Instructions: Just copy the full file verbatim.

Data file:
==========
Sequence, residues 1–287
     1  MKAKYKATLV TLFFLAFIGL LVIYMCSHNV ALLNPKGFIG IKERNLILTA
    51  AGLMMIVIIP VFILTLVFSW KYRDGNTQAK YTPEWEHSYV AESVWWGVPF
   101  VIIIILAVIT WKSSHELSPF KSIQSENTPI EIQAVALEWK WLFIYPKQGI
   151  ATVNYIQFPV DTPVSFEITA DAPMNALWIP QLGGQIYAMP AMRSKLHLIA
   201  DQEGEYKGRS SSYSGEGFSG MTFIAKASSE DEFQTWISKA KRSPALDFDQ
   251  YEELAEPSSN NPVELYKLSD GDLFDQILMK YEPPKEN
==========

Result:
Sequence, residues 1–287
     1  MKAKYKATLV TLFFLAFIGL LVIYMCSHNV ALLNPKGFIG IKERNLILTA
    51  AGLMMIVIIP VFILTLVFSW KYRDGNTQAK YTPEWEHSYV AESVWWGVPF
   101  VIIIILAVIT WKSSHELSPF KSIQSENTPI EIQAVALEWK WLFIYPKQGI
   151  ATVNYIQFPV DTPVSFEITA DAPMNALWIP QLGGQIYAMP AMRSKLHLIA
   201  DQEGEYKGRS SSYSGEGFSG MTFIAKASSE DEFQTWISKA KRSPALDFDQ
   251  YEELAEPSSN NPVELYKLSD GDLFDQILMK YEPPKEN